OSHA Platform Requirements


Platforms are the work area components of a scaffolding system. The Occupational Safety and Health Administration (OSHA) requirements for scaffolding safety come from the Code of Federal Regulations. Specifically, 29 CFR 1926.451 outlines the construction, safety and training requirements for scaffolding systems used at a construction site. To assist employers and employees alike, OSHA printed "Publication 3150, Scaffold Use in Construction" and "Publication 3100, Crane or Derrick Suspended Personnel Platforms" to consolidate and simplify the regulation.

Scaffolding system with platforms on each level
Scaffolding system with platforms on each level (Image: roman023/iStock/Getty Images)

Maximum Load

Each scaffolding system component is rated for a maximum weight by the manufacturer. To meet OSHA safety requirements, the platform must be able to support its own weight plus at least four times the intended load. The load includes workers, equipment, building materials and tools.

Workers on scaffolding platform
Workers on scaffolding platform (Image: hxdbzxy/iStock/Getty Images)

Plank Requirements

Scaffolding platforms are required to be planked as completely as possible. The gap between the planks and the uprights cannot exceed 1 inch.

Scaffolding on a large buidling
Scaffolding on a large buidling (Image: kuczin/iStock/Getty Images)

Suspension and Supported Platforms

Suspension scaffolds have platforms suspended by ropes or cables, either from a rooftop, crane or derrick. The most common type of suspension scaffolding system is called a two-point, which is similar to a window washer's scaffold. These platforms have to be secured to avoid swaying. All workers on these platforms are required to wear fall-protection gear.

Supported scaffolds are set on the ground and have platforms supported by a system of legs, posts, crossbeams and frames. Some are built with wheels and can be moved around the worksite. These scaffolding systems are required to be built on a firm surface, leveled and braced to help prevent movement. Guardrails and fall-protection gear are required if the platform is more than 10 feet high.

Suspension scaffold platform
Suspension scaffold platform (Image: Tonpicknick/iStock/Getty Images)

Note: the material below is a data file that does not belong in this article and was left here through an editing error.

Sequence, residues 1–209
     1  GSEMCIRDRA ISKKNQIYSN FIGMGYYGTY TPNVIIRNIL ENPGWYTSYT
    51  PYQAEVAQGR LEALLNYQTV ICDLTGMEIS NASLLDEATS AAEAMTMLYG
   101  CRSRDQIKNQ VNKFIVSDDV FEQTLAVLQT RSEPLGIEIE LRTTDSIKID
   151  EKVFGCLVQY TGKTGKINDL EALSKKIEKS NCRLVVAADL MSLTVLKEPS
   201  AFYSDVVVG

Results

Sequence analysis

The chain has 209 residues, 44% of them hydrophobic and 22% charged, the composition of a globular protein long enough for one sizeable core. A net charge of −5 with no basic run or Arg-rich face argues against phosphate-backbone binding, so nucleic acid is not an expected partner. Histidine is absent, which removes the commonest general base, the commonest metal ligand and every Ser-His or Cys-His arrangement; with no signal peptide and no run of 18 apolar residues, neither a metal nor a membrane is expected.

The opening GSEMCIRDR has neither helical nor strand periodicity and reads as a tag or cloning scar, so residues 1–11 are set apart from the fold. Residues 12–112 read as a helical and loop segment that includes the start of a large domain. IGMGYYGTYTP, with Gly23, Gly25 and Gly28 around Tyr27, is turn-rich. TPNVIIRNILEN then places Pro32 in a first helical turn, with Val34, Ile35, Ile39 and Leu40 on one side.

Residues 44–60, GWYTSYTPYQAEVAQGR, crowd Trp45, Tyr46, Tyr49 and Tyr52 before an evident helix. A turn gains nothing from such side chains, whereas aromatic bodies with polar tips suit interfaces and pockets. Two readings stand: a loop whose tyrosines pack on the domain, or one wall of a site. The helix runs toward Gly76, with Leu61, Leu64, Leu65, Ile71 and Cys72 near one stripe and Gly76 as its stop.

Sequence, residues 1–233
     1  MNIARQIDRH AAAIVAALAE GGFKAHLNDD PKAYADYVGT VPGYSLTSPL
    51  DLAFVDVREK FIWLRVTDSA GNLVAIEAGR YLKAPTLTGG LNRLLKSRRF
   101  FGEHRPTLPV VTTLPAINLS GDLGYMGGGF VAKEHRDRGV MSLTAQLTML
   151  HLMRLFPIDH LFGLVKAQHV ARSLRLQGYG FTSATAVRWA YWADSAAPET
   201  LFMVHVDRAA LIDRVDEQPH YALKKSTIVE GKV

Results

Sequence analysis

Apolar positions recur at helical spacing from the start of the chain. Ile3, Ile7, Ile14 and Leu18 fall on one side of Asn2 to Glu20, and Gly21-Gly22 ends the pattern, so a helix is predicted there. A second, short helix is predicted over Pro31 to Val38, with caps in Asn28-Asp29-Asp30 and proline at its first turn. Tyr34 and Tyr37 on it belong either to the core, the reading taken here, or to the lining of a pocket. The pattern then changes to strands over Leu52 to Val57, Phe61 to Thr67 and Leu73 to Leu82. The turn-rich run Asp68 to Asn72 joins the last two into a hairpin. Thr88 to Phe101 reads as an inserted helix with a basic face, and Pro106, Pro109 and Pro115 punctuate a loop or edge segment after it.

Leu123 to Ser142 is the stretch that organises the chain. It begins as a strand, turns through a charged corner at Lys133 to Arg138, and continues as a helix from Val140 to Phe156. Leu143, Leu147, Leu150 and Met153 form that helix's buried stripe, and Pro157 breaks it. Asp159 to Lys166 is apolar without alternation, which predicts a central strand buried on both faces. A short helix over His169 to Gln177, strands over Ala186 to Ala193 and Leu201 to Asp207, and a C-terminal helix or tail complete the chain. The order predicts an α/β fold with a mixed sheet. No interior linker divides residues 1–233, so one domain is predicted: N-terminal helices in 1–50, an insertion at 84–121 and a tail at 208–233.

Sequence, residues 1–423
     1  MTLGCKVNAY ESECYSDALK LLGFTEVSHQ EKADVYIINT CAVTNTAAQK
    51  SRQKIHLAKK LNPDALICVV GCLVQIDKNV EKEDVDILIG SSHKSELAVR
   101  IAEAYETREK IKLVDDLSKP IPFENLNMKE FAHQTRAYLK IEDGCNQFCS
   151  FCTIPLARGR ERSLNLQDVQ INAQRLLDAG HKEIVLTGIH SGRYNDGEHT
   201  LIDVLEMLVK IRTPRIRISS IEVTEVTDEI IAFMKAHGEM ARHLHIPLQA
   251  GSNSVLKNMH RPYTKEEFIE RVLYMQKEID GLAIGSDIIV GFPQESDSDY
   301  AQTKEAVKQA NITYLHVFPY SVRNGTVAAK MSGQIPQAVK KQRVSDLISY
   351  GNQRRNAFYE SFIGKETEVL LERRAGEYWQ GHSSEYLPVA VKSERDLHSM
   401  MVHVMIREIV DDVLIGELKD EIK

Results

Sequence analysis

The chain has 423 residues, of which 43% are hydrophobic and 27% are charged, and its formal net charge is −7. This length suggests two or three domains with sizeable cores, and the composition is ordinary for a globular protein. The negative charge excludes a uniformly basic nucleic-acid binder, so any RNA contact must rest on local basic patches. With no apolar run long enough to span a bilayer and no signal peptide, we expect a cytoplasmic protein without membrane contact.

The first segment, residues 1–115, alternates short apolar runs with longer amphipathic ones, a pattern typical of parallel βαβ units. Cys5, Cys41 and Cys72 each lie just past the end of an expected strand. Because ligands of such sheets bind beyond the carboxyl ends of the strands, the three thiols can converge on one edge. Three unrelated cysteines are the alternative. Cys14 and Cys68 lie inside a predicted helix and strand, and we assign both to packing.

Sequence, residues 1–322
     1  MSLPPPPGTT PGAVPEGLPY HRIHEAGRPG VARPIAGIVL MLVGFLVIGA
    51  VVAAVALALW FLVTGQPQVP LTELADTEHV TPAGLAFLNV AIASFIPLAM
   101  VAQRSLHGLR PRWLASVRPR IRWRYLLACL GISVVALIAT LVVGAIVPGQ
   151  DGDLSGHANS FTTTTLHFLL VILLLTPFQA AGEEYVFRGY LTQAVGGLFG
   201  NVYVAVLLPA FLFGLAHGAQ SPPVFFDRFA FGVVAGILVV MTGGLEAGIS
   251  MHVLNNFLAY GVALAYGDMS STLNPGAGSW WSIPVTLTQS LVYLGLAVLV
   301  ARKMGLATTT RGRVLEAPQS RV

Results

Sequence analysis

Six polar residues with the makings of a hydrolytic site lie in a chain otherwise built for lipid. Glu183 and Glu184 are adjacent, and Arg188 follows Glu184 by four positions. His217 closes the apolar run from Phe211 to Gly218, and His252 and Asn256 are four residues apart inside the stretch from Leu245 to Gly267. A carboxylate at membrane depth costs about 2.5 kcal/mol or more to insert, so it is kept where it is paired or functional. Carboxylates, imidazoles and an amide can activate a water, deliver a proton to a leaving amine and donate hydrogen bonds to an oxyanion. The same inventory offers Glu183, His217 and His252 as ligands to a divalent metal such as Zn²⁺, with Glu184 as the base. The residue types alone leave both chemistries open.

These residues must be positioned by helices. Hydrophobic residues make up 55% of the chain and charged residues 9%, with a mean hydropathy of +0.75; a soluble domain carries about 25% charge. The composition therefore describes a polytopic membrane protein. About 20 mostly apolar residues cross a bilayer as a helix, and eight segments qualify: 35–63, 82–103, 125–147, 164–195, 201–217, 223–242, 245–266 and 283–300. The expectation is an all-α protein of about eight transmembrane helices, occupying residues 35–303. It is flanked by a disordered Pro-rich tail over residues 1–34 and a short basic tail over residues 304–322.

Worker Access

Workers must be able to access the scaffold platform safely. A supported scaffolding system has attachable ladders, stairs and ramps. Workers are prohibited from using the frame work to climb to the platform.

Construction supervisors on a scaffold platform
Construction supervisors on a scaffold platform (Image: Digital Vision./Photodisc/Getty Images)

Fall Protection

Fall protection includes guardrails and personal fall-arrest systems. Workers are required to wear harnesses and lifelines while on the platform. Lifelines have to be secured separately from the scaffolding support lines that prevent swaying and from the suspension ropes the scaffold hangs from. If the scaffolding falls, the workers will not.

If the platform is not at least 18 inches wide or is more than 10 feet above the ground, guardrails must also be used.

Workers on scaffolding wearing safety harnesses
Workers on scaffolding wearing safety harnesses (Image: hxdbzxy/iStock/Getty Images)

Training Requirements

Employees must be trained prior to working on a scaffolding system by personnel qualified to identify and minimize hazards. Employees involved in the assembly, repair or maintenance of scaffolding systems are required to be trained by an instructor qualified in the proper procedures for those activities.

Specially trained workers on scaffolding
Specially trained workers on scaffolding (Image: hxdyl/iStock/Getty Images)

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